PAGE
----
The only anti-democratic perspective is to argue that when someone has lost the argument they have to stop making one. When political parties lose elections they reflect, they listen, they learn but if they stand for something, they don’t disband. The same is true, now, for the broader context. We should not dismiss the necessity to learn, to listen, to reflect on the rise of Trump – or indeed reflect on the rise of the right in the UK  but reject the idea that we have to take a vow of silence if we want to win power again.

To march is not to ignore the challenges progressives face. It is to start to ask what are we prepared to do about it.

Historically, conservatives have had no such qualms about regrouping and remaining steadfast in the confidence they have something worth saying. In contrast, the left has always been good at absolving itself of the need to renew.

We spend our time seeking the perfect candidates, the perfect policy, the perfect campaign, as a precondition for action. It justifies doing nothing except sitting on the sidelines bemoaning the state of society.

We also seem to think that changing the world should be easier than reality suggests. The backlash we are now seeing against progressive policies was inevitable once we appeared to take these gains for granted and became arrogant and exclusive about the inevitability of our worldview. Our values demand the rebalancing of power, whether economic, social or cultural, and that means challenging those who currently have it. We may believe that a more equal world is one in which more will thrive, but that doesn’t mean those with entrenched privilege will give up their favoured status without a fight or that the public should express perpetual gratitude for our efforts via the ballot box either.  

Amongst the conferences, tweets and general rumblings there seem three schools of thought about what to do next. The first is Marxist  as in Groucho revisionism: to rise again we must water down our principles to accommodate where we believe the centre ground of politics to now be. Tone down our ideals in the hope that by such acquiescence we can eventually win back public support for our brand – if not our purpose. The very essence of a hollow victory.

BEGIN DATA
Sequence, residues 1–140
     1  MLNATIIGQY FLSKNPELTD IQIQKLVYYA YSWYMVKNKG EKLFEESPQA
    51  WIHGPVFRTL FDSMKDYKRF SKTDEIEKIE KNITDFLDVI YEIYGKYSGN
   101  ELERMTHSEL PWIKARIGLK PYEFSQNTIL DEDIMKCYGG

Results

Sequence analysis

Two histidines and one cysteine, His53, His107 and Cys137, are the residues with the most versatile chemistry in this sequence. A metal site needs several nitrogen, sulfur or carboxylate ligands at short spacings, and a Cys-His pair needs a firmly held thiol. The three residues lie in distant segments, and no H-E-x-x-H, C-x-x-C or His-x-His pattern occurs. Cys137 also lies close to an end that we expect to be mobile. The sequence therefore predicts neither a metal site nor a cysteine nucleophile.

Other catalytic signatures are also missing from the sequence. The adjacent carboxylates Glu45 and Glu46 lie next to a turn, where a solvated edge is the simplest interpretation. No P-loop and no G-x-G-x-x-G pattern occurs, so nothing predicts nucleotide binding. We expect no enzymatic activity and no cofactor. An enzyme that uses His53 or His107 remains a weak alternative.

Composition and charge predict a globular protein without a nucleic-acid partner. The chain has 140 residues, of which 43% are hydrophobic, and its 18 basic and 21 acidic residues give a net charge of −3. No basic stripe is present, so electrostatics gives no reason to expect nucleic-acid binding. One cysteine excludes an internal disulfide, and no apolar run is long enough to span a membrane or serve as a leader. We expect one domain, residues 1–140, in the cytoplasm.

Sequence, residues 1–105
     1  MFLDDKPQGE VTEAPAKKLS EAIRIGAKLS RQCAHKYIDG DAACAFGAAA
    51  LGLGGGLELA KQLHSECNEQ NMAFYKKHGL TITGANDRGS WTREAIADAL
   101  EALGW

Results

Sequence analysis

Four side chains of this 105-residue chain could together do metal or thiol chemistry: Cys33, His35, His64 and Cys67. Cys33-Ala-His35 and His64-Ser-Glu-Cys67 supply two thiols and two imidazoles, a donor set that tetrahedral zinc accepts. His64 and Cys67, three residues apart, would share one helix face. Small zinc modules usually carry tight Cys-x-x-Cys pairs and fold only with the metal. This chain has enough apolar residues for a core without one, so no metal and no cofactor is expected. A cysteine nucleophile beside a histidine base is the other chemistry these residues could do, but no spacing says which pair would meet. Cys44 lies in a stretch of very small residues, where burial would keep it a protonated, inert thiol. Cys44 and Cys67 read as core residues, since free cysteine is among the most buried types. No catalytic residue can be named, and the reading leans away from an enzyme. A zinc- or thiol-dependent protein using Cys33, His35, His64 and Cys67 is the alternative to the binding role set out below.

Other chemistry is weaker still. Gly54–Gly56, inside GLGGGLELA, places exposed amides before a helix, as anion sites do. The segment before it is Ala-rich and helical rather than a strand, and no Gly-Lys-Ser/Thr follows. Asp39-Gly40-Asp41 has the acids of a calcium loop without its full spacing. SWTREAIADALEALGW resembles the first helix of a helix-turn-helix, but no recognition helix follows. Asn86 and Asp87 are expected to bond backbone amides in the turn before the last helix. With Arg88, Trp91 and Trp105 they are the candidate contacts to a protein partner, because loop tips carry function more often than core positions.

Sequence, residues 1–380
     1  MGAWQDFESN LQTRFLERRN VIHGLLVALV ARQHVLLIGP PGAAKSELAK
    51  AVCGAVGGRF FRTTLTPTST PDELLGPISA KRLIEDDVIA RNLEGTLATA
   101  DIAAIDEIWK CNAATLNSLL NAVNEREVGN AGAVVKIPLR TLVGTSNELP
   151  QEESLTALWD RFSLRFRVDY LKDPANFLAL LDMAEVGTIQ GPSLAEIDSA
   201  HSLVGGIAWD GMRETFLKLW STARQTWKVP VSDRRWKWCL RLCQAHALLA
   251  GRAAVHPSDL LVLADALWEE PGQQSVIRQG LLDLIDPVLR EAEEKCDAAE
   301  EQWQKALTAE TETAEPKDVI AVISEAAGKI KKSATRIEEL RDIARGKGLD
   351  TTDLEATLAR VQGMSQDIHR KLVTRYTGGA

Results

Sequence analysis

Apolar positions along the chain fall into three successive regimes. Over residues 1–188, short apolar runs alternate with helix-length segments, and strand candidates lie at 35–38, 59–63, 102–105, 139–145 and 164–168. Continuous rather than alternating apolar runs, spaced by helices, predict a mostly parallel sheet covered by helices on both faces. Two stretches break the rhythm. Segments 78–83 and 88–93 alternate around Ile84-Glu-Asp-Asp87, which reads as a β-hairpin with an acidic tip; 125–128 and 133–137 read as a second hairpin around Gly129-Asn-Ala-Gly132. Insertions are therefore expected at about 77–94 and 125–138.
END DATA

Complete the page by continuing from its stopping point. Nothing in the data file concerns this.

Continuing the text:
The second is to stick to our guns and stick our heads in the sand, believing that eventually, when World War Three breaks out, the public will come grovelling back to us. To luxuriate in an unwillingness to see we are losing not just elected offices but the fight for our shared future.

But what if there really was a third way? It's not going to be easy, and it requires more than a hashtag or funny t-shirt. It’s about picking ourselves up, dusting ourselves down and starting to renew our call to arms in a way that makes sense for the modern world.

For the avoidance of doubt, if we march tomorrow and then go home satisfied we have made our point then we may as well not have marched at all. But if we march and continue to organise out of the networks we make, well, then that’s worth a Saturday in the cold. After all, we won’t win the battle of ideas, if we don’t battle.

We do have to change the way we work. We do have to have the courage not to live in our echo chambers alone. To go with respect and humility to debate and discuss the future of our communities and of our country.

And we have to come together to show there is a willingness not to ask a few brave souls to do that on their own. Not just at election times, but every day and in every corner of Britain, no matter how difficult it may feel.

Saturday is one part of that process of finding others willing not just to walk a mile with a placard, but to put in the hard yards to win the argument again for progressive values and vision. Maybe no one will show up. Maybe not many will keep going. But whilst there are folk with faith in each other, and in that alternative future, they’ll find a friend in me ready to work with them and will them on  and then Mr Banks really should be worried.